Sportsnight #16: 1986, Tour de France, L’Alpe d’Huez, LeMond v Hinault

by Charlie_East_West on July 17, 2013

Good evening, and welcome to Sportsnight. Tonight’s action comes from the French Alps and the fearsome L’Alpe d’Huez stage on the Tour de France.

As Chris Froome attempts to move ever closer towards becoming the second consecutive British cyclist to win the Tour de France, he has one massive obstacle to overcome – L’Alpe d’Huez. The most brutal and famous stage in Tour de France history. As it is the 100th year of the Tour de France, the organisers have decided to make it a wee bit tricky for its cyclists – they have decided to get them to climb up the fucker twice. In one stage. The is sporting sadism in the extreme. Tomorrow will be compulsive viewing.

L’Alpe d’Huez is the blue riband of the Tour de France. A brutal climb, hairpin bends, life threatening descents, bat-shit crazy fans packing the roads and running amok alongside the cyclists during their ascent to the top of the climb. The names of the Tour leaders are marked in chalk on the winding roads towards the summit. It is sport in its absolute rawest and most brutal of forms.

This stage became even more legendary in 1986. It became the iconic moment between the two most bitter rivals in the history of cycling.

– Greg LeMond, ‘L’Américain‘: All round cycling talent. The prodigious newcomer. 1986 was supposed to be his year.


– Bernard Hinault, ‘The Badger‘: Aggressive, iconic, uncompromising, five-time winner of the Tour. He pledged his unwavering support to his team mate, LeMond.

The team is everything in cycling, but in 1986 the team orders rule book was torn up. It became the irresistible force verses the immovable object.

Hinault won his fifth Tour de France in 1985. Hinault’s La Vie Claire team recruited Greg LeMond for the 1985 Tour. In return for LeMond’s unwavering support through the 1985 Tour, Hinault promised on French television that he would support LeMond (Lemond became team leader in 1986) for the 1986 Tour de France. However, things did not exactly work out that way due to Hinault’s skulduggery.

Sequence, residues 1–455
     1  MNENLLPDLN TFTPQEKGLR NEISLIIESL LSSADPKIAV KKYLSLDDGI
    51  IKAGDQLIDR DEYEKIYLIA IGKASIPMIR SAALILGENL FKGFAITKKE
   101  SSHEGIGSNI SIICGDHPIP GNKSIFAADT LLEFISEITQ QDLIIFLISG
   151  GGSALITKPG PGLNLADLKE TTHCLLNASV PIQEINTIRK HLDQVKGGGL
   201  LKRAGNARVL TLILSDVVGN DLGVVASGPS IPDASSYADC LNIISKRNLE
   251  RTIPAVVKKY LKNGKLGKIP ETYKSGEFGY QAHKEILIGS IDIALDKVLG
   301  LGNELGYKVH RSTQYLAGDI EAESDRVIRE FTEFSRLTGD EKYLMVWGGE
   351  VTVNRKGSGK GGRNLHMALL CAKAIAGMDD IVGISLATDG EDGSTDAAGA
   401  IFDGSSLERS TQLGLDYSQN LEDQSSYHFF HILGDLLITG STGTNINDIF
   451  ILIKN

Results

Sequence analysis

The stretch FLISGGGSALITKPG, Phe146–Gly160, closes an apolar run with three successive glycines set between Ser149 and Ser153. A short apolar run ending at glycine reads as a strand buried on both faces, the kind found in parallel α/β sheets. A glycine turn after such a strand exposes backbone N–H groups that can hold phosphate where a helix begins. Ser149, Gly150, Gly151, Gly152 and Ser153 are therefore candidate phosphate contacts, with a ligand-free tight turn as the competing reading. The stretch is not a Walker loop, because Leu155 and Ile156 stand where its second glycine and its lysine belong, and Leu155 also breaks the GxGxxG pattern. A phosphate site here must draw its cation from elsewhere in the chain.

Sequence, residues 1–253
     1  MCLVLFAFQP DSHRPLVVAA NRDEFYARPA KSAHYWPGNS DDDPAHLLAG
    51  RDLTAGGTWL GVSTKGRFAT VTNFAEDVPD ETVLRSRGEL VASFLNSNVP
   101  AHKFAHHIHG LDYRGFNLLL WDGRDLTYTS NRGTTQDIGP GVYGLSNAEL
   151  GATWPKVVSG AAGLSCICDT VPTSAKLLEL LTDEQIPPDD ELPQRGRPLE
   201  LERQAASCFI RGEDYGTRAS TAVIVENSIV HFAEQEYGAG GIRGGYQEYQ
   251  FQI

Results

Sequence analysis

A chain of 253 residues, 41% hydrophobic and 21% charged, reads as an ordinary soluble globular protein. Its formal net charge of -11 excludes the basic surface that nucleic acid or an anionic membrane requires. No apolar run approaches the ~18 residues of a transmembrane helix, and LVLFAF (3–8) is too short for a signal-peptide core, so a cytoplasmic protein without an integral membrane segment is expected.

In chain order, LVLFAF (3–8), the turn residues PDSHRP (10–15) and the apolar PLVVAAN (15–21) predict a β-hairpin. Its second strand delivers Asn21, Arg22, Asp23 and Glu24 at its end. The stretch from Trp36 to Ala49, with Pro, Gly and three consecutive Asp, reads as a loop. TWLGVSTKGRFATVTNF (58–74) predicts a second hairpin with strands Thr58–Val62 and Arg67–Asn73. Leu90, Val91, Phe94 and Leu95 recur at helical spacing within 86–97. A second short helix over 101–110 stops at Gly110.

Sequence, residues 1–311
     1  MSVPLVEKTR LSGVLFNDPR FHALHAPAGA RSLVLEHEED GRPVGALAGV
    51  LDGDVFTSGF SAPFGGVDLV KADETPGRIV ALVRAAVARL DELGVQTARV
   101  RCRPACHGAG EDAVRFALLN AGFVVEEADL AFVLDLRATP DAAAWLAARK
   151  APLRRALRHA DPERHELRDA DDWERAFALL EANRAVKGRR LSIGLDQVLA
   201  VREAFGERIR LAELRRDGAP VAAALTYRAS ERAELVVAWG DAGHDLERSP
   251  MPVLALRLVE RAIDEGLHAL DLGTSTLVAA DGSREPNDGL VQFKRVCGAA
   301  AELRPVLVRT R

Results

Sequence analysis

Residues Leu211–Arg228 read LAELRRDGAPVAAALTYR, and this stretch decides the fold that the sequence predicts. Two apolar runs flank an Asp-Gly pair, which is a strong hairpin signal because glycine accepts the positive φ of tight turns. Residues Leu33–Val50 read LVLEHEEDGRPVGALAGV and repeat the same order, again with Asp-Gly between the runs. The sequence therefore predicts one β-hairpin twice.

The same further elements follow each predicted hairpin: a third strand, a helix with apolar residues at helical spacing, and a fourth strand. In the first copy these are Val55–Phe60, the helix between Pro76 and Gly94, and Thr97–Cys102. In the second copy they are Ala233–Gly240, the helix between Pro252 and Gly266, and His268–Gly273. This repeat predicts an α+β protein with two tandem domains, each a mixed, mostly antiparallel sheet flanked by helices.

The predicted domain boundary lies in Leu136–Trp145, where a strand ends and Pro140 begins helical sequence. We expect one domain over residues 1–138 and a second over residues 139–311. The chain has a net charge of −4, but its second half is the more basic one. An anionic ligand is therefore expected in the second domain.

The race for the overall classification became a legendary duel between Hinault and LeMond when the Tour reached the Pyrenees Mountains on stage 12. The stage from Bayonne to Pau saw Bernard Hinault and his La Vie Claire teammate Jean-Francois Bernard attack the team leader, Greg LeMond. The Spanish climber Pedro Delgado (and future Tour winner) also joined the breakaway. LeMond, completely taken aback by the move, was stuck in the peloton and forced to follow team orders not to chase a teammate’s breakaway. Hinault’s surprise breakaway finished 4 mins 30 seconds ahead of LeMond in third place. This gave Hinault the overall lead and the yellow jersey.

The next day featured the brutal stage called the “Circle of Death” in the Pyrenees Mountains). Hinault went on the attack again. Over the summit of the Col du Tourmalet, the first climb of the stage, Hinault broke away again and rode away by himself on the last climb. Hinault’s successful betrayal of Lemond was complete. Or so it seemed…LeMond fought back towards the end of the Pyrenees stages, and as the Tour exited the Pyrenees, Hinault’s lead was down to only 40 seconds.